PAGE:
de Appel, Brouwersgracht 196, Amsterdam
'I had nine large format photographic images put up on the wall in an art context [of De Appel], so the audience that came to the opening was prepared to deal with works of art on the wall. I had yellow-green lights arranged all around, just bright enough for the spectators to find minimal orientation for entering the space. And there were these nine life-size images on three walls. The moment the audience had gathered, we turned on the exhibition light, the halogen light. The images had not been fixed and were put up on the wall wet; because of the power of the light they would lose the images and turn deeper into black in no time. While that was happening, the audience became very nervous and very surprised. I recorded the process and their reaction in additional photographs.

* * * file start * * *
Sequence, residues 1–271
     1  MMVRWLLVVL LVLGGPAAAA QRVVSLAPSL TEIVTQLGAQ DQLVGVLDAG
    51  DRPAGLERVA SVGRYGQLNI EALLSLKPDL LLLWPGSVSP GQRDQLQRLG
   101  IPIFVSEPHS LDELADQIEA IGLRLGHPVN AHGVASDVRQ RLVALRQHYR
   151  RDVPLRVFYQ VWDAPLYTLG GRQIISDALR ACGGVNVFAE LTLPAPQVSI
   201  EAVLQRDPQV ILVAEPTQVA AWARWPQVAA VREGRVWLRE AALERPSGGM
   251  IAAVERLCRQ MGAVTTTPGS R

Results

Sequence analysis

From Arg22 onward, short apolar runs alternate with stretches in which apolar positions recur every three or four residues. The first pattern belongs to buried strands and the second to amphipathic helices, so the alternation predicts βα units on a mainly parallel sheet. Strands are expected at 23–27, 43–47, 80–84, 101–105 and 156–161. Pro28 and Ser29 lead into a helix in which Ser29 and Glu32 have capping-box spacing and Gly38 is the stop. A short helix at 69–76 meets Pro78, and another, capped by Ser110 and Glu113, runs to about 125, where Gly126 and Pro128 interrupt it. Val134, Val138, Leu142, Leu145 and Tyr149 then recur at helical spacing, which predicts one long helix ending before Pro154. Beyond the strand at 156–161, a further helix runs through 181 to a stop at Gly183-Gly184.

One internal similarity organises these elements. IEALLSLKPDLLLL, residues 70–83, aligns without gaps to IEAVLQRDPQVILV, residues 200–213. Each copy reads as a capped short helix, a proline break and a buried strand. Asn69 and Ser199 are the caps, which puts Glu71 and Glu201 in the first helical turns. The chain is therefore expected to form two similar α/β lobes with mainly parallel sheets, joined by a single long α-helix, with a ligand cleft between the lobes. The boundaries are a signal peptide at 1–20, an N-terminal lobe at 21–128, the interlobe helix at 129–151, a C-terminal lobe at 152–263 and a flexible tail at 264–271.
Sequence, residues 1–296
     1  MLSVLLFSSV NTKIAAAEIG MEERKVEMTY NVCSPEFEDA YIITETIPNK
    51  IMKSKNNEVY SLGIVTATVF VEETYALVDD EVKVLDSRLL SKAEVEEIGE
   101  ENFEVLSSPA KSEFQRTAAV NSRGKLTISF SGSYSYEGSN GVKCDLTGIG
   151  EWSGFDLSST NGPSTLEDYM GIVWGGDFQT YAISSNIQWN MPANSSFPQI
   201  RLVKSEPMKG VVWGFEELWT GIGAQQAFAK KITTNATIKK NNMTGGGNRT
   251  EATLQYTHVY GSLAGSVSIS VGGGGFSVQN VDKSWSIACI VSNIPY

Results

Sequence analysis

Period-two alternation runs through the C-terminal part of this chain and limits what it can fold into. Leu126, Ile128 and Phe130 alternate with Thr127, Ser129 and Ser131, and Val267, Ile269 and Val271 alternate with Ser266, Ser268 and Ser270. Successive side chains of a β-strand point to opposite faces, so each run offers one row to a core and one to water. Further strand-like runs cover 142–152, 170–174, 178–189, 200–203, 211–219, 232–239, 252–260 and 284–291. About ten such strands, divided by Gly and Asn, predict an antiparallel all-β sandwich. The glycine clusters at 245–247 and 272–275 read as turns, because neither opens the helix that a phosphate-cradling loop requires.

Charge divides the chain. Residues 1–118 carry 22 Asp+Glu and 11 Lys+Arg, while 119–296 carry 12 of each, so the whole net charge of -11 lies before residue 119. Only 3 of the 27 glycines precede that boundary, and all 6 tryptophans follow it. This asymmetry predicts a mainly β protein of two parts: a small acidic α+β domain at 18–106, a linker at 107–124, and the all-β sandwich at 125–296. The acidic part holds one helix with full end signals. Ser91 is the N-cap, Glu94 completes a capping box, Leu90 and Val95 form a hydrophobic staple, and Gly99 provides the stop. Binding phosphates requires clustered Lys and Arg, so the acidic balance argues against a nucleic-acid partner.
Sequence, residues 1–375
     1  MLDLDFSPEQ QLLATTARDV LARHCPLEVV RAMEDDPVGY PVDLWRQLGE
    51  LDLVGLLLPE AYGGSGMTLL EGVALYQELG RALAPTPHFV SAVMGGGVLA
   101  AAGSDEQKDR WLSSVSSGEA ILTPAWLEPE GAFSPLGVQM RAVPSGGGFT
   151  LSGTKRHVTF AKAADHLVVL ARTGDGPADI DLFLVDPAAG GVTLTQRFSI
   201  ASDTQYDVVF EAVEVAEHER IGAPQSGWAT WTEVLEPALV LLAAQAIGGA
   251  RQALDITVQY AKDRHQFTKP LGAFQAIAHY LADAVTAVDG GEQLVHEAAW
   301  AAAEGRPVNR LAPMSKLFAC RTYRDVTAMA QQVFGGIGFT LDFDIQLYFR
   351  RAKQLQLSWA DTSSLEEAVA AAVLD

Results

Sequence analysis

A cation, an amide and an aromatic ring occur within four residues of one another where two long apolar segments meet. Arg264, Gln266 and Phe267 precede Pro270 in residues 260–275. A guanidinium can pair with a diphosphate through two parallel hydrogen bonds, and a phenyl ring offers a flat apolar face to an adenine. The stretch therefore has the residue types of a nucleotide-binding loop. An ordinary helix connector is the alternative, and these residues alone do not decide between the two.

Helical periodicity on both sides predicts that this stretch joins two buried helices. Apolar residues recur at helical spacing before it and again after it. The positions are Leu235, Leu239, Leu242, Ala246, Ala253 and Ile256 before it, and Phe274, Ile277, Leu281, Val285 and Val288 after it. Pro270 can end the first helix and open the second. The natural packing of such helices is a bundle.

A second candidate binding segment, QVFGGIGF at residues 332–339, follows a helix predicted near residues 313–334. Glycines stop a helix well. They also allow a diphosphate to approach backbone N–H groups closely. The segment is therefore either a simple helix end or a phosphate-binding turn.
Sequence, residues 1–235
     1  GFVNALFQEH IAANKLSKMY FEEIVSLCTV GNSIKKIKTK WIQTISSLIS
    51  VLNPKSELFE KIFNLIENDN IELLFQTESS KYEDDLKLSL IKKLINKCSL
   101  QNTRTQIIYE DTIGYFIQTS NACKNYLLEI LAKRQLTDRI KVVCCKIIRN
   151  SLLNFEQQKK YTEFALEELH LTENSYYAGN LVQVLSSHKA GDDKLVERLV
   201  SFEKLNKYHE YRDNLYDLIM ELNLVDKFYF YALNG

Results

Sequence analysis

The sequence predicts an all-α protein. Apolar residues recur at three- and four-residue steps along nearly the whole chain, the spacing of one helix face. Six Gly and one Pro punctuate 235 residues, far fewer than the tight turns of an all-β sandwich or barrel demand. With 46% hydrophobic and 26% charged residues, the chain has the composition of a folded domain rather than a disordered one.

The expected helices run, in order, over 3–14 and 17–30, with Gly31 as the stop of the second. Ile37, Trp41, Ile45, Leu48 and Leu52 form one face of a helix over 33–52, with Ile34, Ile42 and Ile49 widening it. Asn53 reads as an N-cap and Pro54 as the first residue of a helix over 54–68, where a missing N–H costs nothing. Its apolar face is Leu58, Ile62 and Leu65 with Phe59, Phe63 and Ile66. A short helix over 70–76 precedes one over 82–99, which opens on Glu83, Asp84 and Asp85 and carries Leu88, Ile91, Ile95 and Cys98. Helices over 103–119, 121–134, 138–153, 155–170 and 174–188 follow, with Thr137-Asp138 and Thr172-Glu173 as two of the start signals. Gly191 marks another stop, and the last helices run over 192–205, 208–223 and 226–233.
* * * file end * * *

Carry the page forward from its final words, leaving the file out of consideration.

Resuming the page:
Then De Appel closed for the summer. When it opened again the first exhibition was the follow-up of Fototot. There was a reading table in the middle of the room, the black images from the first show were hanging on the wall, a reading light stood on the table, a documentary portfolio lay open on the table, there was a dim yellow-green light again for direction. So the audience came in, drawn to the reading table; somebody would turn on the reading light, would open the portfolio. But the photographs had not been fixed either. While someone was reading through, it turned into black pages. That was Fototot. For me it was a finish to the whole photographic issue. The next step would be performance.'
(Ulay in an interview with Thomas McEvilley in The First Act, Ostfildern 1994.)